OXFORDSHIRE’S new High Sheriff has pledged to raise £75,000 to help children at an Oxford school to improve their reading.
William Alden, who took on the post two weeks ago, has chosen Pegasus Primary School in Blackbird Leys as his first charitable project.
The role of the High Sheriff is almost entirely ceremonial, charitable and social as well as being voluntary, unfunded and non-political.
While his ceremonial duties include acting as the returning officer for parliamentary elections, Mr Alden, from Iffley, is keen to involve himself in community schemes.
At Pegasus School he is spearheading a campaign to build a new reading room for its 500 pupils, complete with books, comfy chairs and places for volunteers to help.
Mr Alden said: “I am hoping this is a campaign that the people of Oxford, famed for its literacy and academia, can get behind.
“I have spoken to volunteers at the school who love coming in to help the children read.
“But at the moment they have to sit in the corridor, being disrupted as people walk by in a draughty corridor.
“So the idea is to build a building which will provide plenty of space and which can be used by the local community.”
The school already has designs for the space, which will be built on site.
It has also raised more than £15,000 with fundraising events and money from individuals.
Mr Alden added: “I am making it my mission that by the time my term is up next April, we will have raised all the money needed for the school.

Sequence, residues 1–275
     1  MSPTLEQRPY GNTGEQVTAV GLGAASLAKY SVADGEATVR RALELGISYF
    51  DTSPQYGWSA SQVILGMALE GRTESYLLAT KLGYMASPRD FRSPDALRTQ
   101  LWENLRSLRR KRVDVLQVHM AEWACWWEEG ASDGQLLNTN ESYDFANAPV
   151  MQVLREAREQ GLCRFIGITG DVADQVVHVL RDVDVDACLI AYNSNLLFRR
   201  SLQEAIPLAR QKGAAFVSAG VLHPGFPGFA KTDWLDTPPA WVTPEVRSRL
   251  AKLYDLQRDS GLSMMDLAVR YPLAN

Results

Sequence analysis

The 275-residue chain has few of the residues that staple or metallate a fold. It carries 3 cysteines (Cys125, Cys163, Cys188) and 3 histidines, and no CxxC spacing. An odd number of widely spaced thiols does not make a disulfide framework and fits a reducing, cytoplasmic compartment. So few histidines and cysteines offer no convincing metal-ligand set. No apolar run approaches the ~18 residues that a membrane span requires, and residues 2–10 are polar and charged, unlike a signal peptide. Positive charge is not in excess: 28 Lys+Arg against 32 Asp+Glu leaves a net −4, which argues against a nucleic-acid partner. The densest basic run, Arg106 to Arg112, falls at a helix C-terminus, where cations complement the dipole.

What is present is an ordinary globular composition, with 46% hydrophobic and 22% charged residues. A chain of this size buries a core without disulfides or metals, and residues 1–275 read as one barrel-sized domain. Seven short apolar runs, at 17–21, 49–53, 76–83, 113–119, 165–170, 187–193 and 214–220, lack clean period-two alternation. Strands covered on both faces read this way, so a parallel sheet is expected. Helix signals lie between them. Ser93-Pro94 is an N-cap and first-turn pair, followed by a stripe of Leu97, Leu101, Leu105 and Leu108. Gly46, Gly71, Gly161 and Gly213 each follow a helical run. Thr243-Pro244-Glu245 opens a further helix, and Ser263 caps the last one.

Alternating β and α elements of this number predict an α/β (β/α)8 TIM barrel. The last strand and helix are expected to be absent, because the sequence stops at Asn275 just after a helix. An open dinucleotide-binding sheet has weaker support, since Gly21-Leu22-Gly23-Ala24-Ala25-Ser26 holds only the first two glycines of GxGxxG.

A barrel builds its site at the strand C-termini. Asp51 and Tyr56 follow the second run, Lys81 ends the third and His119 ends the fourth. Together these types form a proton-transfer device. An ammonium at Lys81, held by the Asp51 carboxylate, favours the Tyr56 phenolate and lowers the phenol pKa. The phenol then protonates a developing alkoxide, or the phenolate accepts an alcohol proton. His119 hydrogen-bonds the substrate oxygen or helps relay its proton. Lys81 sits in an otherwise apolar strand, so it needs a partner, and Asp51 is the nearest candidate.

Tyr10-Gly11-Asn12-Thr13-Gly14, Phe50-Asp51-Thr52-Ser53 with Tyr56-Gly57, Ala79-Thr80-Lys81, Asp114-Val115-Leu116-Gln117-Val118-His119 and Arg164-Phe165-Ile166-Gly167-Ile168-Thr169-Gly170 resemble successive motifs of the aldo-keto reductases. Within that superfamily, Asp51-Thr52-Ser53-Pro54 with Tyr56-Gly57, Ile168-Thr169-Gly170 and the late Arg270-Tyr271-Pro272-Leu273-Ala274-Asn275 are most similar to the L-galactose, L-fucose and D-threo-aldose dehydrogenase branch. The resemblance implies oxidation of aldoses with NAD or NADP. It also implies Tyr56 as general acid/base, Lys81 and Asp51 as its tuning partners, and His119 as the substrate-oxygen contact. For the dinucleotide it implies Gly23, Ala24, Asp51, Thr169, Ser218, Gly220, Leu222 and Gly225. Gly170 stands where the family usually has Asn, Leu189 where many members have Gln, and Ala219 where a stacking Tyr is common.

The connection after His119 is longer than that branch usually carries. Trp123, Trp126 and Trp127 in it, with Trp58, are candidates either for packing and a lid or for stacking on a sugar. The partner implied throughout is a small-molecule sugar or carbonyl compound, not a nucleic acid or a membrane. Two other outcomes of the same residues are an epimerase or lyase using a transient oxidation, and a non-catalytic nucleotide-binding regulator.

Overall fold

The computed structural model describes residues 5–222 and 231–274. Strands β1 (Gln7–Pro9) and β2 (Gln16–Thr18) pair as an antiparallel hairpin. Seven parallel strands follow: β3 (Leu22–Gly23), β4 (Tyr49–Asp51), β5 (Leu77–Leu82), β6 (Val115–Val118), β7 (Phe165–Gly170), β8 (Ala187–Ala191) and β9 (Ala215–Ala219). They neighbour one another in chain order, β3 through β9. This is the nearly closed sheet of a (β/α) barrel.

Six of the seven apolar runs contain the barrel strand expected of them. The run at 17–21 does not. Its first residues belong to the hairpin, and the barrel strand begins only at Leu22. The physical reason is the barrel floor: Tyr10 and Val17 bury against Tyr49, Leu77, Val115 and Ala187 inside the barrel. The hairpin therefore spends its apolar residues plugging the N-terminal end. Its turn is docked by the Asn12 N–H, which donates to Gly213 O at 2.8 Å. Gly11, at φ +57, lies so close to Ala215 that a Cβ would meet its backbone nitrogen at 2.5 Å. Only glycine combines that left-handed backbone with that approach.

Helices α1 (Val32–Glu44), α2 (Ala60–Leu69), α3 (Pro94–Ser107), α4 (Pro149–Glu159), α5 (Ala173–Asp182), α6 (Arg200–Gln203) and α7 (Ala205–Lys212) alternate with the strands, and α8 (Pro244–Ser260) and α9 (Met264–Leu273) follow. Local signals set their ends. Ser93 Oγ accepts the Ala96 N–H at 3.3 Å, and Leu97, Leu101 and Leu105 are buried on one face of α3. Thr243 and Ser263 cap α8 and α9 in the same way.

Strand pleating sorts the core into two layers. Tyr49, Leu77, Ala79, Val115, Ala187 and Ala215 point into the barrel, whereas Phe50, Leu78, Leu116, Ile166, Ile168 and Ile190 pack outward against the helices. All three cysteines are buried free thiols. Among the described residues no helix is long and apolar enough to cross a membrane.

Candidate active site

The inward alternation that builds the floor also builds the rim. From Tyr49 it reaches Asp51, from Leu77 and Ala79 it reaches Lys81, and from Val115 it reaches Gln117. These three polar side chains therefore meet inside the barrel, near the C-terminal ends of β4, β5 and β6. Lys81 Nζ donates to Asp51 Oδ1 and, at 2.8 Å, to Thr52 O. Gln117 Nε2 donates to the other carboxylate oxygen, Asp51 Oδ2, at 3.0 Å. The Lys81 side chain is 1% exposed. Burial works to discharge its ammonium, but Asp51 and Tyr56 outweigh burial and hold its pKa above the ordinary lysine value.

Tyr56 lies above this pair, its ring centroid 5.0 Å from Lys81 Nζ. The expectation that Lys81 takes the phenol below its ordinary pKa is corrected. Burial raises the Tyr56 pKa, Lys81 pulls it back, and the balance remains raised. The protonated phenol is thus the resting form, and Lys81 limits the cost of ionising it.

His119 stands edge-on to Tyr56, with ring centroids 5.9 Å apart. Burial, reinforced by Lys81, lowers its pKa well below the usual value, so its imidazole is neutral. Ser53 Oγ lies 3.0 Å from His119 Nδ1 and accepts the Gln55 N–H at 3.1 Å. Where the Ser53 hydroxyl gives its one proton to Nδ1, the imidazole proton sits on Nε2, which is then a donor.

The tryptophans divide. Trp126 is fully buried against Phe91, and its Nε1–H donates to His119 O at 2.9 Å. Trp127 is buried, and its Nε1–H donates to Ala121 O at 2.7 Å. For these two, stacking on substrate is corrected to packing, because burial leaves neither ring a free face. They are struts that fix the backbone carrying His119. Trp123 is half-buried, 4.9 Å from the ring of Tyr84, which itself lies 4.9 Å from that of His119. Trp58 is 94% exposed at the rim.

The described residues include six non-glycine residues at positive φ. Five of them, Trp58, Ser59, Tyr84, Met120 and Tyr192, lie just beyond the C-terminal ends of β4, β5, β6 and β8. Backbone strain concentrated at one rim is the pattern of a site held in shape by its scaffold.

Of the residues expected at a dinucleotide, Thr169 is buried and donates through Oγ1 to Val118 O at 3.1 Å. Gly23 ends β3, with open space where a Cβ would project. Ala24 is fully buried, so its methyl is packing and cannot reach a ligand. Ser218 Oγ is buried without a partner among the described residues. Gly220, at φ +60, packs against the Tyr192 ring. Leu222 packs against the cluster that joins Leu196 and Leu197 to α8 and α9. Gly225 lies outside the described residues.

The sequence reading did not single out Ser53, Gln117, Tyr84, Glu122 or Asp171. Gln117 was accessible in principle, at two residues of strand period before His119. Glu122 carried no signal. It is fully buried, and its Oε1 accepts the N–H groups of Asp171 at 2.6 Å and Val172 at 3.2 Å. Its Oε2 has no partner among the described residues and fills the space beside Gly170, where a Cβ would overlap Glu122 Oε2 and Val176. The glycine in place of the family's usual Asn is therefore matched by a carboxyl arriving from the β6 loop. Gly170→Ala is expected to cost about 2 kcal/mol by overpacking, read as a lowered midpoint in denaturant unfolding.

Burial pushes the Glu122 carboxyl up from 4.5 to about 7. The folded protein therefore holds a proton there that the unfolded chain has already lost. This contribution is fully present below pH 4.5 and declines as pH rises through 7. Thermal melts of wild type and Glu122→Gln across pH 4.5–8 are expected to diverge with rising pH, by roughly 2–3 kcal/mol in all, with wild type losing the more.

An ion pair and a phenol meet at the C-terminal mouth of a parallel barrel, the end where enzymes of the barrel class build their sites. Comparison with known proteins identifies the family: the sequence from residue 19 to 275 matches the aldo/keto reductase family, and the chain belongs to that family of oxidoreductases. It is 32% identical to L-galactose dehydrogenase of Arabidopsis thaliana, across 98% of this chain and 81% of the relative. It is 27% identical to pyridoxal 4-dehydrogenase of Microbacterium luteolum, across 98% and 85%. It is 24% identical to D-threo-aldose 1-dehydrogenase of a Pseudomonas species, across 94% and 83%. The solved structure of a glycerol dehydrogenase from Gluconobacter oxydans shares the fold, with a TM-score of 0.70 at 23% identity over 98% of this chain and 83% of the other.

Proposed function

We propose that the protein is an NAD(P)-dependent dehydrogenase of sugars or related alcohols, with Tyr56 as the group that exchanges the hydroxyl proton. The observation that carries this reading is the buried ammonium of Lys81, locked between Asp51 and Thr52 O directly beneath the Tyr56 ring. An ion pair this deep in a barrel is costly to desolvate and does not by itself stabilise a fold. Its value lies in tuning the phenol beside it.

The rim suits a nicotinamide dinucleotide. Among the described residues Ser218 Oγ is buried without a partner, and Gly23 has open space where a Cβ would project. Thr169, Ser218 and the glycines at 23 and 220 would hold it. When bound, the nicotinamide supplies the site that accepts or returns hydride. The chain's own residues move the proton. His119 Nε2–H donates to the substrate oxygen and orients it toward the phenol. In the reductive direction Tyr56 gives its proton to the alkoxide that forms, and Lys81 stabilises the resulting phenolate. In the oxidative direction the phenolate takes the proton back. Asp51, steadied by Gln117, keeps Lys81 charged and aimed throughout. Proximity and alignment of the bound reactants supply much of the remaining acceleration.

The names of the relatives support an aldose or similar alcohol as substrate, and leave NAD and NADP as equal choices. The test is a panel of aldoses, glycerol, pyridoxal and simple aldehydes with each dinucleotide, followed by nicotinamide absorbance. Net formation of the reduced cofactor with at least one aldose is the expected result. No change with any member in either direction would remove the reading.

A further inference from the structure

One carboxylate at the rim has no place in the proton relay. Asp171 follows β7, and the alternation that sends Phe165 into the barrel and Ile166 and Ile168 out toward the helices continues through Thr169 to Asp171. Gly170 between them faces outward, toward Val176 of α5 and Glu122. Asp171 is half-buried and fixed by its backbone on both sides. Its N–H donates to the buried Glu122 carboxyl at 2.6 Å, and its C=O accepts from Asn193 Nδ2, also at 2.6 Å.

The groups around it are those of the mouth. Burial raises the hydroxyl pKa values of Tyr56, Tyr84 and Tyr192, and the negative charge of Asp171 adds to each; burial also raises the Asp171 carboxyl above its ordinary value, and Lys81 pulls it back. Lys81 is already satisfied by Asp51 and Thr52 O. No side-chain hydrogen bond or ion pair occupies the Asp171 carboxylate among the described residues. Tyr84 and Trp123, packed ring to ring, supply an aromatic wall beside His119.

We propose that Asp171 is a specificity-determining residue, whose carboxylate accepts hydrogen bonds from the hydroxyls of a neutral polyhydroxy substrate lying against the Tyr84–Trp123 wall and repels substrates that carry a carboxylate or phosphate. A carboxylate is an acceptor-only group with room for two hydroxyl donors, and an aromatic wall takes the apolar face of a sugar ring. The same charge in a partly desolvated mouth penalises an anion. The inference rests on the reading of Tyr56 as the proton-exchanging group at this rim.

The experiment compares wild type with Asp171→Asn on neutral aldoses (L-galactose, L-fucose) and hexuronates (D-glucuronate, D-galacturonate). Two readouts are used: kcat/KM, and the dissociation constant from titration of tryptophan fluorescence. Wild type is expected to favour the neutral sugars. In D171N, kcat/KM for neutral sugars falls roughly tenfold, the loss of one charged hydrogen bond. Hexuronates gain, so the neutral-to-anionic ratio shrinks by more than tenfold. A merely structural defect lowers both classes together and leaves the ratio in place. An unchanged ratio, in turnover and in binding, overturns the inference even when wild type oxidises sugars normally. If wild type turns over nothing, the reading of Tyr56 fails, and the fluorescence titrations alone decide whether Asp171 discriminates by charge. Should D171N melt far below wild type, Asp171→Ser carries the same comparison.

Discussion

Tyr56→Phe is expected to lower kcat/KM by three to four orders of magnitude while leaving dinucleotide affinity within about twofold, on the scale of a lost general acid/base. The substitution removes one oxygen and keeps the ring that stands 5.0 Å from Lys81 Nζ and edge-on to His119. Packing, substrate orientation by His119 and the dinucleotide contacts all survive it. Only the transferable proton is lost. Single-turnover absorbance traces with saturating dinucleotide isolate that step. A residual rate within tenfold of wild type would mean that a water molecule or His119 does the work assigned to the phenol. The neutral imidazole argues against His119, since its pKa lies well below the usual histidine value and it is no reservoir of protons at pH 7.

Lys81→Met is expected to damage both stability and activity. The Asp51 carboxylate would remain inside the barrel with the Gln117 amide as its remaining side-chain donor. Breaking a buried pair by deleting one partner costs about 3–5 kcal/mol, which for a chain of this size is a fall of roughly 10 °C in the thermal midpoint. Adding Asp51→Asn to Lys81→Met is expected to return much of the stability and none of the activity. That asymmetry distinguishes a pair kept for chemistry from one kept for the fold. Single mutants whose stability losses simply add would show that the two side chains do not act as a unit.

“The children at the school are remarkable, they are full of passion and they deserve a space where that potential can be unlocked by the inspirational teachers and volunteers.”
At a launch event on Monday, children and volunteers spoke of their need for the new building.
Headteacher Jill Hudson said: “We are squashed into every inch of this school and have been for years.
“We have got a huge number of volunteers coming in to help the children and it is frustrating to have nowhere to put them. So it is fantastic that the high sheriff has chosen us, I’ve already started furnishing the building in my head.”
Plans already in place over the next year include a Christmas concert with the New College choir.
Mrs Hudson said: “And we have a 24-hour reading marathon planned too.
“The children really want to get involved themselves, it is important they are a part of this project and part of the future of the school too.”
She added: “This isn’t just about improving the reading skills of the children, it is about developing that passion and interest in books.”
Nine-year-old pupils Leya Parsons and Shakayah Aamah made a presentation at the launch of the reading room project, saying how much they enjoyed books.
They said the new reading room would help them and future pupils enjoy books more.